Post-Sanctions

On Nov. 4, 2018, Trump did impose sanctions but excluded Iranian oil exports, deflating a speculative bubble around the price of oil, and the president’s ire towards the region.

In the aftermath of sanctions, repeated news of record oil production and growing energy independence in the U.S. helped drive the price of oil back down. Though the president’s mood lightened, he still persisted in his accusations of OPEC manipulating the price.

Prices continued to fall, plummeting to nearly $50 per barrel by the end of 2018. Cheap oil is a direct threat to the profits of OPEC nations, but higher prices can create an array of challenges for the U.S. economy.

So despite a U.S. alliance with Saudi Arabia, this is a natural tension baked into the relationship.

So, what would a U.S. foreign policy look like without dependence on the Middle East?

Shifting Sands

The Middle East has had a considerable influence on U.S. foreign policy since the harsh lessons of 1970s energy crisis. Multiple wars of intervention to protect Saudi oil interests—and in turn, ensuring continued American access to oil—have ravished the region and led to a state of dysfunction and constant tension.

However, with the recent declaration of American energy independence, this relationship may change with a renewed prospect for peace. Trump may work to further undermine the power of OPEC to control oil prices, as well as the Middle East’s influence on U.S. foreign policy.

American energy independence is already challenging established relationships around the world. For example, Ukraine just recently accepted its first shipment of American oil in a move to counter Russia’s influence in the region.

A New Era

Diplomacy by Twitter has yet to prove to be an effective bridge in sustaining good international relations. That said, charting the tweets of world leaders is a unique way to interpret government policy and energy economics in this new era of social media.

It seems that the next time you want to know what is going through a leader’s head, you can simply try checking their tweets.

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Chart of the Week

Visualizing the Wealth of Nations

These 10 countries hold 74% of the world’s $204 trillion in private wealth. How will this wealth of nations change over the next decade?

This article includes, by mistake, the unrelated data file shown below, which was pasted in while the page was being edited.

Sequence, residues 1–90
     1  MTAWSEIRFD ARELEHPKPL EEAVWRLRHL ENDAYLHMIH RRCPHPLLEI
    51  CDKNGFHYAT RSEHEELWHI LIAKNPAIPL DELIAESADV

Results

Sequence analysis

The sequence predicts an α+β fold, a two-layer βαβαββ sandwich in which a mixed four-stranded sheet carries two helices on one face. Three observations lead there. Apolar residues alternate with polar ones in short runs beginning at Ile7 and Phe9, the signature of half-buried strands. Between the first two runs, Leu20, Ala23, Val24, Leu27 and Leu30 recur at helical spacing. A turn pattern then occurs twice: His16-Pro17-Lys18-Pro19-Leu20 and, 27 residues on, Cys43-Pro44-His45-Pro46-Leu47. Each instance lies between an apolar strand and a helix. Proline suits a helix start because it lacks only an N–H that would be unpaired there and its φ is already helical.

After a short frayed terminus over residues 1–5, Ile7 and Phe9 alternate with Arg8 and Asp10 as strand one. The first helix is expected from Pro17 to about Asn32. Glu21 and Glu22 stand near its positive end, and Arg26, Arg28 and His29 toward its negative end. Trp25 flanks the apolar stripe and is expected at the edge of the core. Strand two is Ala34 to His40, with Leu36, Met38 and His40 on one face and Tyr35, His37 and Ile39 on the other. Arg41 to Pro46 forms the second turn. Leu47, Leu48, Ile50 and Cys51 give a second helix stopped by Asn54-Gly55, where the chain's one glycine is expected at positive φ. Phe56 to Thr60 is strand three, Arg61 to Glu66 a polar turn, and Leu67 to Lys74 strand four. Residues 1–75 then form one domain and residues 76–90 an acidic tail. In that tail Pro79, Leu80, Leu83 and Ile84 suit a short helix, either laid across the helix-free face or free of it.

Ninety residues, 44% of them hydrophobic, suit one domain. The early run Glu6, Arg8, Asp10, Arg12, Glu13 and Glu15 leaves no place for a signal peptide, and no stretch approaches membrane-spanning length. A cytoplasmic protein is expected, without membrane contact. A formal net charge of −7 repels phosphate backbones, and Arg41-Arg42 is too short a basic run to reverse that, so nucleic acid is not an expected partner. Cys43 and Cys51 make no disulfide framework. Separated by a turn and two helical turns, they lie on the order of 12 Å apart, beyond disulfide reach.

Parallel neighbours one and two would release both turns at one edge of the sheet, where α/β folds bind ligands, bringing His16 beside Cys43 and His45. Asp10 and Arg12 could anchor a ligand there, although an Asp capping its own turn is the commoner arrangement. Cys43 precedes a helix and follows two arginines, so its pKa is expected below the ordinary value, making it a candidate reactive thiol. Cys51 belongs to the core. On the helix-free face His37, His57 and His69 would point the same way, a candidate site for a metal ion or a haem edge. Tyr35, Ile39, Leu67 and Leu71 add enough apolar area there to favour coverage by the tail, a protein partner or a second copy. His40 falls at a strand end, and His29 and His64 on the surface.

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Visualizing the Wealth of Nations

Just as there exists a longstanding inequality in the distribution of household wealth, so exists a considerable differential in the amount of wealth held by countries on the international stage.

Simply put, some nations are “haves”, while many others are “have-nots”.

“Wherever there is great property, there is great inequality.”

– Adam Smith, The Wealth of Nations

Ranking Riches

We previously showed you how the ranking of the richest countries in the world has changed over the course of the last 10 years (2008-2018).

Today’s chart keys on a slightly different question.

What are the wealthiest nations today, both in absolute and per capita terms, and how is this list projected to change over the next decade? Let’s see how the wealth of nations stack up.

Private Wealth: Now and in the Future

Using data from the Global Wealth Migration Review, here are the 10 wealthiest nations both now and as forecasted in 2028.

RankCountryWealth (2018)Wealth (2028F)Approx. Growth
#1🇺🇸 United States$60.7 trillion$72.8 trillion20%
#2🇨🇳 China$23.6 trillion$51.8 trillion120%
#3🇯🇵 Japan$19.1 trillion$24.9 trillion30%
#4🇮🇳 India$8.1 trillion$22.8 trillion180%
#5🇦🇺 Australia$6.0 trillion$10.8 trillion80%
#6🇬🇧 United Kingdom$9.1 trillion$10.0 trillion10%
#7🇩🇪 Germany$8.8 trillion$9.7 trillion10%
#8🇨🇦 Canada$6.0 trillion$7.8 trillion30%
#9🇫🇷 France$5.9 trillion$6.4 trillion10%
#10🇮🇹 Italy$3.8 trillion$4.2 trillion10%

It’s worth noting that these figures are meant to represent wealth, which is defined as the total amount of private wealth held by individuals in each country. It includes assets like property, cash, equities, and business interests, minus any liabilities.

China has been the best performing wealth market in the last decade, and these projections show the country as continuing on that track. In fact, both China and India are expected to see triple-digit growth in private wealth between now and 2028.

As far as developed countries go, it’s not surprising that growth rates are much more modest. In Europe, countries like Great Britain, Germany, France, and Italy are only expected to add 10% to private wealth in 10 years, while Canada (30%) and the U.S. (20%) do marginally better.

One notable exception here is Australia, which is expected to add 80% to private wealth over the timeframe – and it will leapfrog both Germany and the U.K. in the rankings in the process.

Wealth per Capita

Here’s a look at the wealth of nations in a different way, this time with numbers adjusted on a per capita basis.

RankCountryEst. PopulationWealth per capita (2018)
#1🇲🇨 Monaco38,695$2,114,000
#2🇱🇮 Liechtenstein37,810$786,000
#3🇨🇭 Switzerland8,420,000$315,000
#4🇱🇺 Luxembourg590,667$300,000
#5🇦🇺 Australia24,600,000$244,000
#6🇳🇴 Norway5,258,000$198,000
#7🇺🇸 United States327,200,000$186,000
#8🇸🇬 Singapore5,612,000$177,000
#9🇭🇰 Hong Kong7,392,000$169,000
#10🇨🇦 Canada36,540,000$163,000

When using per capita numbers, it’s absolutely no contest.

Monaco, the city-state on the French Riviera, is a money magnet with $2.1 million of private wealth per citizen. This means the average Monacan is at least 10 times richer than the average North American or European.

Liechtenstein, a microstate that sits in the Alps between Switzerland and Austria, also has a high average wealth of $786,000 per person. Like Monaco, its population is well under 50,000 people.

Finally, it’s worth mentioning that three countries on the per capita list also made the overall list. Put another way, the countries of Australia, Canada, and the United States can all claim to be among the wealthiest of nations in both absolute and per capita terms.